Bilingual children might prefer one language over the other for expressive purposes.

Expressive Language Development for Bilingual Kids

by Damon Verial

Most parents have at least an intuitive understanding of basic child development, but when you throw a second language into the mix, things can get a bit muddled. Not only does bilingualism change the rate at which a child can develop her languages but it also adds a cultural aspect to her expressive development. Parents unfamiliar with the neurological development of children and how that development relates to language need not worry, though, as much of the language development that bilingual children experience relies on the external environment.


The development of a language and the ability to express oneself in that language can only occur when children gain exposure to their target languages. For the native language, this usually is not a problem. But for the second language, different children have different levels of exposure. The amount and timing of exposure can have profound and long-lasting effects on how that child’s second-language development proceeds. Erika Hoff, psychologist and language specialist, states in her book “Language Development” how parents can shorten the path to fluency for the second language by giving their children earlier and more frequent exposure to the second language. Hoff also points out how children who begin learning their second language earlier are less likely to have an accent when speaking in their second language.

Parallel Development

One aspect of bilingualism that parents should be aware of is the parallel development of both the languages. A child who is growing up in a bilingual environment or household will encounter some obstructions that their monolingual peers do not have. Parents of bilingual children will often notice that their kids seem to be less expressive in their speech and writing than classmates of the same age. Bilingualism isn’t a direct obstruction to expressive abilities, but it is a direct obstruction to language-learning speed. According to Hoff, while monolingual children can commit all of their language development resources to learning the native language, bilingual children must dedicate the same amount of cognitive resources to learning two languages, effectively slowing down the learning speed of both languages. But parent’s need not worry prematurely: bilingual children do catch up to their peers, and when they do, they’ll be speaking two languages with an equal amount of expressive ability.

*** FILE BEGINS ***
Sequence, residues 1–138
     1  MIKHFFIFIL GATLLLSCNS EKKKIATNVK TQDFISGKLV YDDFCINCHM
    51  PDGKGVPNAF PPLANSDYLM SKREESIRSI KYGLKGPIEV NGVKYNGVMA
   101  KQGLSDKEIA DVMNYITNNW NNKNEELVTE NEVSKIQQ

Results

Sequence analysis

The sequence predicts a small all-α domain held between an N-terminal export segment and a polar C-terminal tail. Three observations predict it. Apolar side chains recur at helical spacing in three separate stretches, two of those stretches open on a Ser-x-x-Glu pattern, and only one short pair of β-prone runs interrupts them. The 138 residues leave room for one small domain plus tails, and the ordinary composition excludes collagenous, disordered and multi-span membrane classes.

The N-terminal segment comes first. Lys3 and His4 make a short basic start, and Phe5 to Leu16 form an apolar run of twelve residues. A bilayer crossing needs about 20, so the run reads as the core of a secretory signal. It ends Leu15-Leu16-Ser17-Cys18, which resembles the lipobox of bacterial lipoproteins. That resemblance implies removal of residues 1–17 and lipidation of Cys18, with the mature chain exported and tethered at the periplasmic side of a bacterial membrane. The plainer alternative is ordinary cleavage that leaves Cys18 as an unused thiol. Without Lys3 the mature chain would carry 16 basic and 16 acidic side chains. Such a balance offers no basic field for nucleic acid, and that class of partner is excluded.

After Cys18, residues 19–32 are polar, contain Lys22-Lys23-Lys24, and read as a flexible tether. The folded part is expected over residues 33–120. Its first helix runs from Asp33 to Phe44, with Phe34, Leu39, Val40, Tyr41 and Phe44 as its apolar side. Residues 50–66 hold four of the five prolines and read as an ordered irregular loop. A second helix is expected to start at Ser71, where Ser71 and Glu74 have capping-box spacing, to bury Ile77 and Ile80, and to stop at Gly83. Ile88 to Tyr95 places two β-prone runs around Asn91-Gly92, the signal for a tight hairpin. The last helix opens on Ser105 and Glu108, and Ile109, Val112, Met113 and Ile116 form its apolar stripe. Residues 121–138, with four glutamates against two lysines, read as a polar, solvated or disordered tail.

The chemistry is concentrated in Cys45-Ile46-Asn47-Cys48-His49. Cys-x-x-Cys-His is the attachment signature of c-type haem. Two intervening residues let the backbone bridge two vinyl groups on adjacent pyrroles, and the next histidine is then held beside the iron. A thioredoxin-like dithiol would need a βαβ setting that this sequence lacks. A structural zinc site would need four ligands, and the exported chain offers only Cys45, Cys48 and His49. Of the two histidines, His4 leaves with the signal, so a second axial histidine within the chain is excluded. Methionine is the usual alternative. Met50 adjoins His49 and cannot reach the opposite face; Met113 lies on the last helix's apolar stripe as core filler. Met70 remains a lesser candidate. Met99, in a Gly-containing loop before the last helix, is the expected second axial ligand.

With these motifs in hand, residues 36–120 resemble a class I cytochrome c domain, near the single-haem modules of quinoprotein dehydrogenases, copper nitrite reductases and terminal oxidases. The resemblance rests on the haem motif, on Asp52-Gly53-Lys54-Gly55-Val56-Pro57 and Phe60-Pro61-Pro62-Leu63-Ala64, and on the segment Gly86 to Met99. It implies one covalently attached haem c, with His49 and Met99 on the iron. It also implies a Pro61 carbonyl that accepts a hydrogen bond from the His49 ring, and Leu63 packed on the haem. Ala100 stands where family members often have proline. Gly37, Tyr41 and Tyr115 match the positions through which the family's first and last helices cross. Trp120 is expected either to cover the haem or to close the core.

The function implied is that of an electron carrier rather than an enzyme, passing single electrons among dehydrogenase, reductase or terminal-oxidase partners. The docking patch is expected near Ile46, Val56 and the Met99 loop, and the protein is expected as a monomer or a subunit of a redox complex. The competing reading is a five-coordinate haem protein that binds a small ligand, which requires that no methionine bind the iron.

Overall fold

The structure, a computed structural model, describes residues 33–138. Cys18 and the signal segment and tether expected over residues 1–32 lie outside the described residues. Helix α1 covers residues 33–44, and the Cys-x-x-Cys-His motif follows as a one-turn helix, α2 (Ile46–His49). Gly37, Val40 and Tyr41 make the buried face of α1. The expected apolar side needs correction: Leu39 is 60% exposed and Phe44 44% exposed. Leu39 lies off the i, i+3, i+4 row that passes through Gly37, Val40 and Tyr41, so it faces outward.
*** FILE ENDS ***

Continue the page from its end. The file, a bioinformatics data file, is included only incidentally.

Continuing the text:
Language and Expressive Ability

Not all languages are equal in terms of how wieldy they are for their users. Children learning two languages will often encounter the realization that one language is more useful in expressing certain ideas. Part of this has to do with language’s entanglement with culture. Some cultures, such as those in the Western world, encourage uniqueness, independence and self-expression. Correspondingly, their languages make them more apt for self-expression. For example, English has roughly twice the vocabulary as Chinese, making it more stylistically varied. Don’t be surprised if you find your bilingual child preferring one language over another for specific types of expressions.

Personality and Language Development

Different children develop their languages at different speeds. While exposure and intelligence do play roles, one of the more palpable roles is that of personality. An extroverted child, for example, is more likely to take risks in how she expresses herself, using sentence patterns and vocabularies she might not be entirely familiar with. In contrast, an introverted child might prefer to be more careful with how he expresses himself, relying on fixed, tried-and-true phrases. This personality interaction particularly concerns parents of bilingual children because of the impressions that language teachers receive from children. A teacher might mistakenly take an introverted bilingual child, a child who already suffers from a slower language development pattern due to learning two languages at once, as a slow learner, which might not be the case. A concerned parent should make her child’s situation clear to language teachers so that her child can get the exposure he needs.


  • Language Development; Erika Hoff
  • Bilingualism: Challenges and Directions for Future Research; J. M. DeWaele
  • Cognitive Development and the Acquisition of Language; Timothy Moore

About the Author

Having obtained a Master of Science in psychology in East Asia, Damon Verial has been applying his knowledge to related topics since 2010. Having written professionally since 2001, he has been featured in financial publications such as SafeHaven and the McMillian Portfolio. He also runs a financial newsletter at Stock Barometer.

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